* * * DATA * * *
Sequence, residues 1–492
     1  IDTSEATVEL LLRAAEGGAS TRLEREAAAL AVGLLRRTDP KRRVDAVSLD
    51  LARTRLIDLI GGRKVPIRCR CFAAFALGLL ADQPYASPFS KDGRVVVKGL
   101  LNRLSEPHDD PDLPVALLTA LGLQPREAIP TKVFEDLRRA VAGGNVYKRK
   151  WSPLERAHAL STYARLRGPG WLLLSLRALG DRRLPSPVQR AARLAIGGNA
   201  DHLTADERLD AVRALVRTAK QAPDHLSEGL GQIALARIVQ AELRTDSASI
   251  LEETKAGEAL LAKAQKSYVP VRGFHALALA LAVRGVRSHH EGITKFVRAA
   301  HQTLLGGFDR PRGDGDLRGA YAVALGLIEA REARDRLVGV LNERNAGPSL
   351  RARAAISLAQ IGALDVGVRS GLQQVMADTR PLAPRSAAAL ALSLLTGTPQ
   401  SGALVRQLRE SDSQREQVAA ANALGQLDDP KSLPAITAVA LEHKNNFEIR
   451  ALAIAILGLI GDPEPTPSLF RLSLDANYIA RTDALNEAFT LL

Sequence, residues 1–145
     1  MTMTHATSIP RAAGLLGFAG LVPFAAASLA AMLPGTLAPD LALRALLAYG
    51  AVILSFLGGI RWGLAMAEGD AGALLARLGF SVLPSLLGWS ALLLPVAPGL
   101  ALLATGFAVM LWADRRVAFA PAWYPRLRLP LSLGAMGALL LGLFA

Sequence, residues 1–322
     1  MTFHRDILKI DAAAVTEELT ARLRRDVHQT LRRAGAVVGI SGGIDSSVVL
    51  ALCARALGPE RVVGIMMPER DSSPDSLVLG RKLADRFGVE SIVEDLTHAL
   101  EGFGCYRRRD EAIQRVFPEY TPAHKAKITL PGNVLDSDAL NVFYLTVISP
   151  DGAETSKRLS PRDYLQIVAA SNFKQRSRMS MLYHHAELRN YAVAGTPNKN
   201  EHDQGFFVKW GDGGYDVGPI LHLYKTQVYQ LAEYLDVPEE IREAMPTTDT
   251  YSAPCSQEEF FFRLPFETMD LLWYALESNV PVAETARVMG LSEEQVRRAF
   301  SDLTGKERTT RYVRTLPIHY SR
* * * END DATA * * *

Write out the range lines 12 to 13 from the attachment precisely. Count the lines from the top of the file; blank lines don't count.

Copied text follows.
Sequence, residues 1–145
     1  MTMTHATSIP RAAGLLGFAG LVPFAAASLA AMLPGTLAPD LALRALLAYG